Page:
US and North Korean officials meet for talks in China
BEIJING — The first official talks between the United States and North Korea since the coming to power of the youthful new North Korean leader were “serious and substantial,” the senior U.S. negotiator said Thursday, and would extend into a second day.
The talks, designated by the Obama administration as exploratory, were seen as a way to test whether the new leader, Kim Jong Un, a man in his late 20s, was prepared to meet conditions that would allow for a resumption of long established six-nation negotiations that aim to dismantle North Korea’s nuclear arsenal.
Issues ranging from nuclear matters to nutritional assistance were covered in the talks Thursday, Davies said. He indicated little progress had been made so far.
—Jane Perlez, The New York Times
Holder defends efforts to combat financial fraud
NEW YORK — Attorney General Eric H. Holder Jr. defended the Justice Department’s record on financial fraud Thursday evening, asserting that the administration’s “record of success has been nothing less than historic.”
In a speech at Columbia University, Holder said, “From securities, bank and investment fraud to mortgage, consumer and health care fraud — we’ve found that these schemes are as diverse as the imaginations of those who perpetrate them and as sophisticated as modern technology will permit.”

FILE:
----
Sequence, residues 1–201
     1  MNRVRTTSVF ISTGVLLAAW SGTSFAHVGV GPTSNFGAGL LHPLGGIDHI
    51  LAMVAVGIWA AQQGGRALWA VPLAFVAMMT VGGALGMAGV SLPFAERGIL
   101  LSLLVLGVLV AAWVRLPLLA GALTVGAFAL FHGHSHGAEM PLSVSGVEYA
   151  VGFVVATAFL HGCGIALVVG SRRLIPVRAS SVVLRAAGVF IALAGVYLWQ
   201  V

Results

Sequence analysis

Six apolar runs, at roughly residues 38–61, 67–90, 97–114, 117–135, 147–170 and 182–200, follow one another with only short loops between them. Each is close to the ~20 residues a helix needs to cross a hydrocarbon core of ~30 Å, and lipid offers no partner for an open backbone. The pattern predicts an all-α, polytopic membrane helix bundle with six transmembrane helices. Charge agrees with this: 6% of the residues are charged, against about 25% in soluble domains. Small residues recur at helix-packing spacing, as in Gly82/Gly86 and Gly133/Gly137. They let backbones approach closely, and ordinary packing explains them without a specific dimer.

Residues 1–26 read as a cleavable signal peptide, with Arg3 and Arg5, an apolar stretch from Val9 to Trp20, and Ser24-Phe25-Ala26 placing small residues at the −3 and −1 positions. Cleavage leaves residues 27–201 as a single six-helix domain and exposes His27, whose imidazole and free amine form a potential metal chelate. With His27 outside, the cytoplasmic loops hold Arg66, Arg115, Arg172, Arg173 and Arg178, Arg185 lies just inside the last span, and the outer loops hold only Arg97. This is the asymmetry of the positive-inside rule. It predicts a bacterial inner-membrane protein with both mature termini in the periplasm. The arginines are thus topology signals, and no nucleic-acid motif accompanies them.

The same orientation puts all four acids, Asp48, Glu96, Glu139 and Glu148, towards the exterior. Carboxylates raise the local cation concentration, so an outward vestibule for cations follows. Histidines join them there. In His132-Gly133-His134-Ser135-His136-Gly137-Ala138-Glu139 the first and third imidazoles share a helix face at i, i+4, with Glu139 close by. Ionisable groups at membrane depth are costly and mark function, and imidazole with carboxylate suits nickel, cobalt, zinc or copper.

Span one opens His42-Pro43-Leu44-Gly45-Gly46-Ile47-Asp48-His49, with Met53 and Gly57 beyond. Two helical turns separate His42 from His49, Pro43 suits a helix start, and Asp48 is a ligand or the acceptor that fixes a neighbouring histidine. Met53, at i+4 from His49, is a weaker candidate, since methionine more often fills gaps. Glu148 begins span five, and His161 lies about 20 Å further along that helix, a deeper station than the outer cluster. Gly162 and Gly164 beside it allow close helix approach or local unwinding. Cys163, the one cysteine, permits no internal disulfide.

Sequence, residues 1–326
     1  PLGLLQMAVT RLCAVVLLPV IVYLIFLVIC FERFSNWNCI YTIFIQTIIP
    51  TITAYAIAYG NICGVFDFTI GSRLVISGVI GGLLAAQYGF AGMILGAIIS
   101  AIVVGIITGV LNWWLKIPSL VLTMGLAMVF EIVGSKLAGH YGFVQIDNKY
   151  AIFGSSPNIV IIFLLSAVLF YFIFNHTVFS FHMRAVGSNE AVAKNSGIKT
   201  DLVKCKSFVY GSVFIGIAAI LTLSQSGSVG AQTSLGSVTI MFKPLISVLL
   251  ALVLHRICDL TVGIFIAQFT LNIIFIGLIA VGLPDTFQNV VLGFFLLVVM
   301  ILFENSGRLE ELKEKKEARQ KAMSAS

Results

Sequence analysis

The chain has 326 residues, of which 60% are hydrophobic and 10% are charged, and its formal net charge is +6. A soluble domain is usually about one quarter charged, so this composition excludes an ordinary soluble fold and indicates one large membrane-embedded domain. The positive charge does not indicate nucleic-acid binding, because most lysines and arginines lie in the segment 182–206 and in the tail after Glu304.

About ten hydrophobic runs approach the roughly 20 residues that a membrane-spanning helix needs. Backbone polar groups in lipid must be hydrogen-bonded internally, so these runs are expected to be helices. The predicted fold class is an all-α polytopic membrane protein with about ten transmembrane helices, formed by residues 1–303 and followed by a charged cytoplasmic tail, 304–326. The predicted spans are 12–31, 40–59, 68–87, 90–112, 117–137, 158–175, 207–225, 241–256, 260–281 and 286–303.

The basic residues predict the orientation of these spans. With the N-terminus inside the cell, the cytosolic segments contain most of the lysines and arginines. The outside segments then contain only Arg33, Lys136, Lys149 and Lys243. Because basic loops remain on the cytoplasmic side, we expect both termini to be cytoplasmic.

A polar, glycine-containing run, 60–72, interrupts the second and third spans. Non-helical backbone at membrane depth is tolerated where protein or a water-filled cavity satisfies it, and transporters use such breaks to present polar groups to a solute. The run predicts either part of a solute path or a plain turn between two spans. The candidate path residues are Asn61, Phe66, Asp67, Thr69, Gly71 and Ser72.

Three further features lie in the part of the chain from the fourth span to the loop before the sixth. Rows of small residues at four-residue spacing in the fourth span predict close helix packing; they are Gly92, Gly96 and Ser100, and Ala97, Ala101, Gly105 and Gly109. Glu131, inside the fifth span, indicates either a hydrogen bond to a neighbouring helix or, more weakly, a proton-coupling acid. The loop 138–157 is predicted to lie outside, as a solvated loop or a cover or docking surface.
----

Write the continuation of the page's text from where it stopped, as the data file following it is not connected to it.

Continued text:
Critics have faulted the Justice Department for not pursuing criminal cases against the banking executives whose conduct helped bring about the 2008 global financial crisis and subsequent deep recession.
—Peter Lattman, The New York Times
Census: record number of Americans have bachelor’s degrees
More than 30 percent of American adults hold bachelor’s degrees, a first in the nation’s history, and women are on the brink of surpassing men in educational attainment, the Census Bureau reported Thursday.
The figures show significant gains in all demographic groups, but blacks and Latinos not only continue to trail far behind whites, the gap has also widened in the past decade.
As of March, 30.4 percent of people older than 25 in the United States held at least a bachelor’s degree, and 10.9 percent held a graduate degree, up from 26.2 percent and 8.7 percent 10 years earlier.
—Richard Perez-Pena, The New York Times